FCA group CEO Sergio Marchionne speaks during the Alfa Romeo Sauber F1 Team presentation in Arese, near Milan, Italy December 2, 2017. Photo: REUTERS/Alessandro Garofalo
Fiat Chrysler Automobiles (FCHA.MI) (FCAU.N) is in talks with South Korea’s Hyundai (005380.KS) about a technical partnership, but there are no merger talks between the two, FCA Chief Executive Sergio Marchionne said on Saturday.
FCA is often the subject of merger speculation, especially after its unsuccessful 2015 attempt to tie up with larger US rival GM (GM.N). Its share price jumped to record highs in August after reports of interest from China and Hyundai. “We already buy components from (Hyundai) .... let’s see if we can agree on other points, especially for the development of transmissions and hydrogen,” Marchionne told journalists, adding there was “nothing to announce for the moment”.
Asked whether this collaboration could turn into a merger, Marchionne said: “I don’t believe so”.
The 65-year-old chief executive, whose mandate ends in April 2019, is working on a new business plan to 2022, which he said should be presented in the second quarter of next year.
As part of that strategy and to simplify its portfolio, FCA is working on separating two of its three components businesses.
Marchionne said the spin-offs of Magneti Marelli - which makes components for lighting, engines, electronics, suspension and exhausts - and robotics maker Comau would be separate operations, “especially given Comau’s potential development in artificial intelligence or robotics”.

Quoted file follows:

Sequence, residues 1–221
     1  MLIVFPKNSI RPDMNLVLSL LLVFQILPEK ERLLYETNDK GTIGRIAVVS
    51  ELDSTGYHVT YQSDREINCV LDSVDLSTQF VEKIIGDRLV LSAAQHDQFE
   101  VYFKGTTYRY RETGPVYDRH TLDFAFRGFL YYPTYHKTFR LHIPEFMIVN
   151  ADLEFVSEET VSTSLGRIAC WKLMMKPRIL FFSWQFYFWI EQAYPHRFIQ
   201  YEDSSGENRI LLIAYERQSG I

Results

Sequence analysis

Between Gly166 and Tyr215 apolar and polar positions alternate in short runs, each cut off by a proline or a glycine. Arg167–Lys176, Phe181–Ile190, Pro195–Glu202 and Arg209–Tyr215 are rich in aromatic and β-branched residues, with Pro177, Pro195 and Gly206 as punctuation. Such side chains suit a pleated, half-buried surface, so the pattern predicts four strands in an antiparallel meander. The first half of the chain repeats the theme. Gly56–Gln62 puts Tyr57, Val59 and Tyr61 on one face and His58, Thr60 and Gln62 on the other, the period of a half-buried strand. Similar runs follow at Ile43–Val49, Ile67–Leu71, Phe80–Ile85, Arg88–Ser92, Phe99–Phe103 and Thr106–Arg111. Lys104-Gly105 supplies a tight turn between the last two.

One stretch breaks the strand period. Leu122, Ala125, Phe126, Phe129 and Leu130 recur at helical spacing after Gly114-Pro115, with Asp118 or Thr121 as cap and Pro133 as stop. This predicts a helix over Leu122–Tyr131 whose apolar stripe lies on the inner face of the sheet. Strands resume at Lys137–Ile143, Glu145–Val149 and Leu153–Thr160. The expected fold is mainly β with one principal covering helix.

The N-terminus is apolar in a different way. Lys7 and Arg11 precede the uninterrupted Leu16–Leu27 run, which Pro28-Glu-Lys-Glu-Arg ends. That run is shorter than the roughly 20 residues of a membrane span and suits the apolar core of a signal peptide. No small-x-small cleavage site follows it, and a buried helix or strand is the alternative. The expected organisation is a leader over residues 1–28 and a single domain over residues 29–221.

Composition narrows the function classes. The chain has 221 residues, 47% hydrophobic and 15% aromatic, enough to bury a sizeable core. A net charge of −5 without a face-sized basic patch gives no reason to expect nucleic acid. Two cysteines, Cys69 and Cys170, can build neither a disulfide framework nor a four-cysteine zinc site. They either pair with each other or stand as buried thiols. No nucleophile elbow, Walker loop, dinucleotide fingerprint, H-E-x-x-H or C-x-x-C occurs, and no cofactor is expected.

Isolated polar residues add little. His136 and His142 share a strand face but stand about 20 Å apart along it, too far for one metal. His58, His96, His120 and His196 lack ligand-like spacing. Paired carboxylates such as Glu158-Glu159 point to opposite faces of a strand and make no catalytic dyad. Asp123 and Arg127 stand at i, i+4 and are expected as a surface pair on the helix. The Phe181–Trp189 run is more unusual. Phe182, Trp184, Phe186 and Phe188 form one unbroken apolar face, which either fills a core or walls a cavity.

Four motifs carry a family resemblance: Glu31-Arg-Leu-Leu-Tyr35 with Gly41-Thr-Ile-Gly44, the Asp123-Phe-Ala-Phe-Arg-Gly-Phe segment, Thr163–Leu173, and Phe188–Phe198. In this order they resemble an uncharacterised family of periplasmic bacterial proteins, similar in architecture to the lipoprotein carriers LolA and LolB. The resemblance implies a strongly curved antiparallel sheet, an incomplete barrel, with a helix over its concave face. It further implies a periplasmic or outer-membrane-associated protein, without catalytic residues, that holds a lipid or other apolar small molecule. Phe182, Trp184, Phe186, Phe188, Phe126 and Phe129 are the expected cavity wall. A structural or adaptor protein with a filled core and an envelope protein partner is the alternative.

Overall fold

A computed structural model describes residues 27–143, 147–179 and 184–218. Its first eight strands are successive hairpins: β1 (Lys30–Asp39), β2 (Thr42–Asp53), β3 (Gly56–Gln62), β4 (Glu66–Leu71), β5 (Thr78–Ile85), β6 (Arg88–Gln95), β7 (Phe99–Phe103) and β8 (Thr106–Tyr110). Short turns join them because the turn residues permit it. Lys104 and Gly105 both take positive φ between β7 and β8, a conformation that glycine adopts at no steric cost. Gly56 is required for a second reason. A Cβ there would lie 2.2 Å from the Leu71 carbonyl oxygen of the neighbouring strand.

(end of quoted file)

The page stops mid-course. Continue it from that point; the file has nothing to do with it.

“Whether it happens as a spin-off or a distribution to shareholders, or whether we will raise some money in the process -- all things to be discussed with the board, we haven’t made up our mind,” he said.
These discussions include a potential listing for either company as happened with other units FCA spun off in the past, such as tractor maker CNH Industrial (CNHI.MI) (CNHI.N) or luxury sportscar group Ferrari (RACE.MI) (RACE.N), which are quoted in Milan and New York.
Marchionne added that he would like to complete the separations by the end of 2018. The transaction could help boost FCA’s finances at a time when it is aiming to become cash-positive by the end of next year.
A separation of castings firm Teksid, the smallest of FCA’s parts makers, was not on the table, Marchionne said, adding that any spin-off of the Alfa Romeo and Maserati brands would not happen “for many years”.